The Daily Mirror

Larry Harnisch reflects on Los Angeles history

Category: June 21, 2009 - June 27, 2009

| The Daily Mirror Home |

Man Builds Model of 1881 Los Angeles

Nov. 8, 1931, Model of Los Angeles

Nov. 8, 1931: For its 50th anniversary, The Times re-creates Los Angeles as it was in 1881. Above, Robert H. Sexton Jr. displays an elaborate model of the city in 1881, measuring about 8 feet by 5 feet. The model was put on exhibit at the Los Angeles Public Library and was to be available to schools and colleges for educational purposes. I wonder what became of it.

Nov. 8, 1931, Model of 1881 Los Angeles

Nov. 15, 1931, Re-Creation of 1881 Los Angeles

Nov. 15, 1931: Part 1 of a story about Los Angeles in 1881. Note especially a photo of the Baker Block showing one of the early carbon arc light towers.

Nov. 22, 1931, Model of 1881 Los Angeles

Part 2 of a story about Los Angeles in 1881. Notice that the photo of the Plaza church shows graves out in front.

Nuestro Pueblo: Point Fermin

June 26, 1939, Nuestro Pueblo

June 26, 1939: Nuestro Pueblo visits Point Fermin.

Police Raid Colored Republican Club

Dec. 15, 1887, Fatal Fire  

Dec. 15, 1887: Effie Smith, a prostitute on Los Angeles Street, burns to death. She took a dose of morphine and lapsed into unconsciousness after lighting a cigarette. I found this item while trying to determine the location of the Colored Republican Club in the story below.

June 26, 1899, Club Raided

June 26, 1899: Police raid the Colored Republican Club on Los Angeles Street. At the trial, police officers described the sordid nature of the club but were unable to say precisely when the incidents occurred.


Women Gets Divorce From Missing Husband

June 26, 1889, Architects

June 26, 1889: Reynolds Bros. Architects.
June 26, 1889, Divorce

Josephine Abel gets a divorce from her husband, Abel.

Found on EBay -- Oviatt's

Oviatt's Wingtips

This size 11 pair of wingtips from Oviatt's has been listed on EBay. Bidding starts at $10.

Matt Weinstock, June 25, 1959

June 25, 1959, Never Touched Me

"Never Touched Me."

Happy Ending

Matt Weinstock Roy Huerta got up at 2 a.m. yesterday, drove to Tijuana and brought his wife Manuela and their six children back to L.A. to stay, thereby ending a frustrating, 10-year, across-the-border separation.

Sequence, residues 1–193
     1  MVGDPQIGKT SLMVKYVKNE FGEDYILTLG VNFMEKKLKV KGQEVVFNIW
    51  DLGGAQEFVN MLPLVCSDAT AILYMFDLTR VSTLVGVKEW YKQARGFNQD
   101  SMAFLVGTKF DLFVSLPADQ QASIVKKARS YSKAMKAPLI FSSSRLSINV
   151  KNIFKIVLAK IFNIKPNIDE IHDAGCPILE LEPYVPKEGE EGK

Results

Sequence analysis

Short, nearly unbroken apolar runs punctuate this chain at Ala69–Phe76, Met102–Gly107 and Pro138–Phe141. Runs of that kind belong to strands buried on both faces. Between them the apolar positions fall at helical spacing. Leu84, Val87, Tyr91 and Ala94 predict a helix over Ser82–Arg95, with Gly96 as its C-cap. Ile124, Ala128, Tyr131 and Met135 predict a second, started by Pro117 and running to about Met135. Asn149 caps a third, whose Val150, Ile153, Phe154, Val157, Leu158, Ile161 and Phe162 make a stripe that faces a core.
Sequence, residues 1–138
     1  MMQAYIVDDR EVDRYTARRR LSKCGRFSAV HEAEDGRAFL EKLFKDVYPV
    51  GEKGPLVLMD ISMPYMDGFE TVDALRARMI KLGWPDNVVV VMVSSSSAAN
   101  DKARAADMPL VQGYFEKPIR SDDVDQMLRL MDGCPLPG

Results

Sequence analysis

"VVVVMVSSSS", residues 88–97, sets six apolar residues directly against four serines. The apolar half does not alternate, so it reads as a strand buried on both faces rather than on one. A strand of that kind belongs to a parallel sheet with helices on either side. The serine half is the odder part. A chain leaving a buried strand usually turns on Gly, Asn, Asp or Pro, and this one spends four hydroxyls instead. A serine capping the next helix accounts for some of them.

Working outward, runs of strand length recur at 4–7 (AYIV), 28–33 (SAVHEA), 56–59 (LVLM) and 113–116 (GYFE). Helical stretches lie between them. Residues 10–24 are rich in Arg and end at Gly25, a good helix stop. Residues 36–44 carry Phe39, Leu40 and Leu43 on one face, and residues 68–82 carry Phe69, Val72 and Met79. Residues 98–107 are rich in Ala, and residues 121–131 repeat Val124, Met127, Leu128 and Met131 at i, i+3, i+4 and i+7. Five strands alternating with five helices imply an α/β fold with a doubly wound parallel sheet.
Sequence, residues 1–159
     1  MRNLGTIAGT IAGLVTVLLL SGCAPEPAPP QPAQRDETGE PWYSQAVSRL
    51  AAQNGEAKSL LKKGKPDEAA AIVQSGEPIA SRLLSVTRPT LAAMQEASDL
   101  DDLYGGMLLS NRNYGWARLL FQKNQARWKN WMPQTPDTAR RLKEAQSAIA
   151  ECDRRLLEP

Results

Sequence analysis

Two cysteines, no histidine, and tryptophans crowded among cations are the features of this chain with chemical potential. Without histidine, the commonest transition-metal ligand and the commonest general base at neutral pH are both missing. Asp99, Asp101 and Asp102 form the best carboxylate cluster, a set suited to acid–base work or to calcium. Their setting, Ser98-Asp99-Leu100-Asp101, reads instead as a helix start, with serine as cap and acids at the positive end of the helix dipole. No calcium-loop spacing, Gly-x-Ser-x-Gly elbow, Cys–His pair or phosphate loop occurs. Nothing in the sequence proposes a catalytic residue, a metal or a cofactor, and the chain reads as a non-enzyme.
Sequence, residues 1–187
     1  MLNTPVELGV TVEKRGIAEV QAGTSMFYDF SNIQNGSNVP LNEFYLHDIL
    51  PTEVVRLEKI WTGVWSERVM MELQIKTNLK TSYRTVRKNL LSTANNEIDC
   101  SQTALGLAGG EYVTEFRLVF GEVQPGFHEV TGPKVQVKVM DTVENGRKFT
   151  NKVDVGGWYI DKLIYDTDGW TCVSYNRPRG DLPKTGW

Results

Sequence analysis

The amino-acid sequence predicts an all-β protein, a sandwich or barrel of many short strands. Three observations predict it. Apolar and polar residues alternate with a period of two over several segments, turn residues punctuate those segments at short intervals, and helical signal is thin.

Roy and Manuela were married here in 1947. One day in 1949 they took a trip to Tijuana. At the border on the way back they were asked the usual questions.

Roy had no trouble. He was born in Johnstown, Pa., and served three years in the Army. Manuela, born in Zacatecas, Mex., panicked and gave conflicting answers. She was detained and accused of entering this country illegally.

Later, she compounded her apparent guilt by ignoring, out of fear, a summons to a hearing. She was convicted of perjury and deported under the McCarran Act.

June 25, 1959, Alfred Hitchcock FOR THE LAST 10 YEARS Roy, 39, a cook at the DuZeff's restaurant on Sunset Blvd., has made a pilgrimage each weekend to Tijuana to be with his family. He took along groceries, clothes, and gifts for the children, the sixth of which was born there.

The case was first reported here in 1957. Ridley Billick, manager of the Spring St. restaurant in which Roy then worked, was trying to correct the injustice.

About two months later a reader, Fay C. Rosenblatt, inquired about the case, which disturbed her. A phone call to Roy disclosed that the situation was unchanged, which was reported here.

But Francis H. Ohswaldt, deputy district director of immigration, saw the column and phoned. It appeared to him that Roy and Manuela could be reunited under Public Law 85-316, in effect since 1957, if they could meet the conditions, which apparently they could. The sad thing, he said, was that they didn't know they were eligible for this relief for more than a year.

Ohswaldt was put in touch with Roy, and the wheels began to turn. There was the interminable chore of filing applications with the American consul in Tijuana and assembling of birth and other records. Meanwhile, immigration officials at SanYsidro were alerted to expedite the case.

For several weeks all the necessary papers were on file except one from Zacatecas police department, giving proof that Manuela had no police record. Last week the letter came through.

Then came the processing of the records by the immigration people to satisfy the requirements of the law. It was just another case among scores of similar cases, but by this time they were taking a benevolent interest. Today the happy, grateful Huerta family is staying with friends, meanwhile house hunting.


THE PUZZLING suicide of George Reeves has friends recalling tales about him.